From a Buenos Aires winter to a Barcelona summer. The language may be the same, but the feel of the two cities is as different as the temperatures in each. It’s only been two weeks, but that special energy which pervades all of South America feels a long way away. I’m back in Europe and all of a sudden it feels uncomfortably like I’ve come home.
When we travel to new destinations, we inevitably seek to orientate ourselves quickly with our surroundings. The need to reach a early judgement, to feel a sense of understanding of our new environment, seems to be a human necessity. We all have our own metrics by which to get the measure of a new place. They aren’t always very scientific and in some cases they may be wholly inaccurate, but we nevertheless do it.
I judge the character of a city, in part, by whether or not you can park motos on the pavement. It might sound trivial, but I think it is a simple medium by which to view the broader attitude of a city’s residents, and more particularly the authorities, to life and social behaviour. By and large, cities have more pavement than their pedestrians require; they are often wider than needed, or sections are rendered of little use to foot-born traffic due to phone boxes, trees and the like creating obstacles. Such redundant space provides valuable parking for motoqueros, whilst at the same keeping the motos out of the way of pedestrians.
Some authorities recognise this and allow it. And as their part of the deal, motoqueros respect the decision and take care not to abuse it, parking with the needs of the pedestrians in mind. This, to me, represents both a rational and mature approach to civic behaviour. Paris, for example, is one such city where this is evident. However, parking on a pavement in London – even for five minutes and beside a section designated for the parking of bicycles, and thus clearly not at the expense of pedestrians – will fetch you a £60 fine. I know this all too well. The basic liberal democratic philosophy of maximising a citizen’s freedom where it does not impact on another’s clearly does not underpin the decisions of London’s authorities; maximising revenue, however, does.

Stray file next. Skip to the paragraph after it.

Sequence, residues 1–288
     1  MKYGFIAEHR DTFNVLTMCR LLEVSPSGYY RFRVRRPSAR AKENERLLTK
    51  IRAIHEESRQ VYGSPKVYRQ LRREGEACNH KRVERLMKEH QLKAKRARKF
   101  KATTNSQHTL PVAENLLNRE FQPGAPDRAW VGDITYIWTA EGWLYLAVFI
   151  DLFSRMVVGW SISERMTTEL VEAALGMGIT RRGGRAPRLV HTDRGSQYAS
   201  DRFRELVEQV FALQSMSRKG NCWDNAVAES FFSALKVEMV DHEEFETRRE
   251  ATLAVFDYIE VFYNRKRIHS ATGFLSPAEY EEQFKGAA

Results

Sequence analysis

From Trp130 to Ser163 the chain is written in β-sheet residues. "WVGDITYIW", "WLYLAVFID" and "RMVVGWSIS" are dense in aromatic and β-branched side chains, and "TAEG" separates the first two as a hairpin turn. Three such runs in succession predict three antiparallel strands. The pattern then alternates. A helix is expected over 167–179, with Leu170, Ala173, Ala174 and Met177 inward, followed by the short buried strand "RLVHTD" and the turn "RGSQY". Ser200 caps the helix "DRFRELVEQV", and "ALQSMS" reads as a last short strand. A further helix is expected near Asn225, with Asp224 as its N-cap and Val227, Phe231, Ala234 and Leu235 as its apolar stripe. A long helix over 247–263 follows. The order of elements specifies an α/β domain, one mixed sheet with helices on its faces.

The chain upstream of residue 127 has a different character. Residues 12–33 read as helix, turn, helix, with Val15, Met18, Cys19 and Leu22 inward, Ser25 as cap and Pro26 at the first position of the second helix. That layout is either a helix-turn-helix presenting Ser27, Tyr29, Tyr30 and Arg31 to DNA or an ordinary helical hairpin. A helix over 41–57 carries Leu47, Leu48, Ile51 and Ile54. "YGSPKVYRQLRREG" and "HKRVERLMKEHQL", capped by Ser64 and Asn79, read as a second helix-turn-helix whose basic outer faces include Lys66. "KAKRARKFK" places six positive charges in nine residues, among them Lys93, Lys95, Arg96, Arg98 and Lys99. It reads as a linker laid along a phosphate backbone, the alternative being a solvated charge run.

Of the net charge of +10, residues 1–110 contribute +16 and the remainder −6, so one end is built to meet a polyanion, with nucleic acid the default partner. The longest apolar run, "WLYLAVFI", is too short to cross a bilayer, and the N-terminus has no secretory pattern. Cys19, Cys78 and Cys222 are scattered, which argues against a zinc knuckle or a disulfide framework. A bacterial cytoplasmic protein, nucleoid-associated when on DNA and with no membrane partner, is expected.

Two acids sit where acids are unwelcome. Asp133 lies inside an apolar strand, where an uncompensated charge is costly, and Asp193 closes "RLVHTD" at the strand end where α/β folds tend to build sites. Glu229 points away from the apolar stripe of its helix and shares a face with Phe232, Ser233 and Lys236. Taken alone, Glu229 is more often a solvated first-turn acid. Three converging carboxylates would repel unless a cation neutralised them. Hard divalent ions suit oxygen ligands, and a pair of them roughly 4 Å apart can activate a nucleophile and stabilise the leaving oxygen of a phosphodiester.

When it comes to moto pavement parking, Barcelona is surely king. For Barcelona is, truly, a city on two wheels, rivalled only (in my experience) but the metropolises of South East Asia such as Bangkok. There are thousands upon thousands of motos and scooters on the city’s streets. A combination of factors, notably the year-round moto-friendly weather and the car-unfriendly narrow streets, come together to encourage young and old alike to go about their business with the wind in their face.
Somewhere in this city you will find almost every motorcycle in existence. Unsurprisingly, the lightweight scooter is the undisputed champion; however, what is surprising to me is the fact that, for a city known for it’s style and culture, the ugly and utilitarian 125s and 150s from Honda and their Japanese cousins far outnumber the the Italian chic of Piaggio and Lambretta. The classic urban hooligans – Ducati Monsters, Street Triples and their friends – and numerous. The inevitable GS1200s carry commuters into the heart of the business district. Retros, Honda twin pots, Harleys, crotch rockets, a lot of ‘maxi scooters’ (that is the one machine I just don’t understand), even a side car… I’ve seen them all, and more, during my short stay in this city.
The Tenere made it through customs without a hitch. It is parked up on the pavement outside my friend’s flat as I write, still sporting a light smattering of Bolivian mud. It’s in good – and abundant – two-wheeled company here in Barcelona. Yet somehow it feels out of place for me. It is not a natural city dweller; and nor am I. So we shall soon be heading for the mountains, back on the open road.